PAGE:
3. Masliah E, Hansen L, Adame A, Crews L, Bard F, Lee C, Seubert P, Games D, Kirby L, Schenk D. Abeta vaccination effects on plaque pathology in the absence of encephalitis in Alzheimer disease. Neurology. 2005 Jan 11;64(1):129-31. PMID: 15642916 [PubMed – indexed for MEDLINE]

4: Rosenmann H, Meiner Z, Geylis V, Abramsky O, Steinitz M. Detection of circulating antibodies against tau protein in its unphosphorylated and in its neurofibrillary tangles-related phosphorylated state in Alzheimer’s disease and healthy subjects. Neurosci Lett. 2006 Dec 20;410(2):90-3. PubMed PMID: 17095156.

5: Rosenmann H, Grigoriadis N, Karussis D, Boimel M, Touloumi O, Ovadia H, Abramsky O. Tauopathy-like abnormalities and neurologic deficits in mice immunized with neuronal tau protein. Arch Neurol. 2006 Oct;63(10):1459-67. PubMed PMID: 17030663.

6: Boimel M, Grigoriadis N, Lourbopoulos A, Haber E, Abramsky O, Rosenmann H. Efficacy and safety of immunization with phosphorylated tau against neurofibrillary tangles in mice. Exp Neurol. 2010 Aug;224(2):472-85. Epub 2010 May 28. PubMed PMID: 20546729.

7: Wang Y, Martinez-Vicente M, Krüger U, Kaushik S, Wong E, Mandelkow EM, Cuervo AM, Mandelkow E. Tau fragmentation, aggregation and clearance: the dual role of lysosomal processing. Hum Mol Genet. 2009 Nov 1;18(21):4153-70. Epub 2009 Aug 4. PubMed PMID: 19654187; PubMed Central PMCID: PMC2758146.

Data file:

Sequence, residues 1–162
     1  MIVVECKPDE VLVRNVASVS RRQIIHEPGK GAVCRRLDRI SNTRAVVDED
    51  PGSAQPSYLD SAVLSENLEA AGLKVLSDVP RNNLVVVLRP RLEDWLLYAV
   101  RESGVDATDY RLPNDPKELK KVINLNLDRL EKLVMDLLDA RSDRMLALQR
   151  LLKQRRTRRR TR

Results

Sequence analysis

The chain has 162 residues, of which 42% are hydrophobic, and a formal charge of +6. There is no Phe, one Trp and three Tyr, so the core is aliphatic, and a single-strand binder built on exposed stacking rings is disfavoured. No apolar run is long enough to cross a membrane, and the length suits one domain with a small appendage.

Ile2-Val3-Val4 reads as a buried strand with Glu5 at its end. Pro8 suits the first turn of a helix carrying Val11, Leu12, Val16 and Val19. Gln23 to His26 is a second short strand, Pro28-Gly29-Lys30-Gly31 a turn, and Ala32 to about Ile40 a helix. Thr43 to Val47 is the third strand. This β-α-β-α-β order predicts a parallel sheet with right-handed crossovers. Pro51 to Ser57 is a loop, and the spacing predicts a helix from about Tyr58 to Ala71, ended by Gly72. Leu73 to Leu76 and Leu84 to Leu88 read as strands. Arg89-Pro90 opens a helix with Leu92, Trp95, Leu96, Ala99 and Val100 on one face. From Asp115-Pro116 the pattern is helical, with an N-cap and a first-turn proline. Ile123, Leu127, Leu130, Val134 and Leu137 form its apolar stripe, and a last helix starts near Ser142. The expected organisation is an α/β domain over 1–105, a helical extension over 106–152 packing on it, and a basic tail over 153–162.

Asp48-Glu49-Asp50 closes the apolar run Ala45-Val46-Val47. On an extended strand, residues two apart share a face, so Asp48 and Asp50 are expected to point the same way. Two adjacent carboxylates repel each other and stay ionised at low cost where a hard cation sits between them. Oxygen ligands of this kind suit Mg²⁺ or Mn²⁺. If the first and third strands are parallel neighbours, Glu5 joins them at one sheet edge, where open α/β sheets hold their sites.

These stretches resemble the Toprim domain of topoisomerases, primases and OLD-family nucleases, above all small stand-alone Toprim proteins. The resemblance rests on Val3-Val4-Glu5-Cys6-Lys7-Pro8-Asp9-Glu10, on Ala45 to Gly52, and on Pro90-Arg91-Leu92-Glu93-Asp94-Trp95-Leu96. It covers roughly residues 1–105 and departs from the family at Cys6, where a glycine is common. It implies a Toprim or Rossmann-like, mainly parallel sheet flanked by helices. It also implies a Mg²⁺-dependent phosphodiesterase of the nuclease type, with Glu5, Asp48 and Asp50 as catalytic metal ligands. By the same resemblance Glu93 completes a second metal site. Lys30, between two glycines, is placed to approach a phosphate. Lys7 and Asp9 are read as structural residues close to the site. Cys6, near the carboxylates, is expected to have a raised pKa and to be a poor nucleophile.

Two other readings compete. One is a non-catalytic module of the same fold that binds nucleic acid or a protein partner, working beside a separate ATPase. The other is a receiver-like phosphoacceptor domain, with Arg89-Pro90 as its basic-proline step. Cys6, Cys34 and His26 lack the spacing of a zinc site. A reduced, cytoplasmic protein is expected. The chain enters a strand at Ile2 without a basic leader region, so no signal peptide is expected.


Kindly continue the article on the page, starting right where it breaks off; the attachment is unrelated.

8: Zhang JY, Peng C, Shi H, Wang S, Wang Q, Wang JZ. Inhibition of autophagy causes tau proteolysis by activating calpain in rat brain. J Alzheimers Dis. 2009 Jan;16(1):39-47. PubMed PMID: 19158420.

9. Vellas B, Black R, Thal LJ, Fox NC, Daniels M, McLennan G, Tompkins C, Leibman C, Pomfret M, Grundman M; AN1792 (QS-21)-251 Study Team. Long-term follow-up of patients immunized with AN1792: reduced functional decline in antibody responders. Curr Alzheimer Res. 2009 Apr;6(2):144-51. PubMed PMID: 19355849; PubMed Central PMCID: PMC2825665.

10: Wisniewski T, Sigurdsson EM. Murine models of Alzheimer’s disease and their use in developing immunotherapies. Biochim Biophys Acta. 2010 Oct;1802(10):847-59. Epub 2010 May 13. PubMed PMID: 20471477; PubMed Central PMCID: PMC2930136.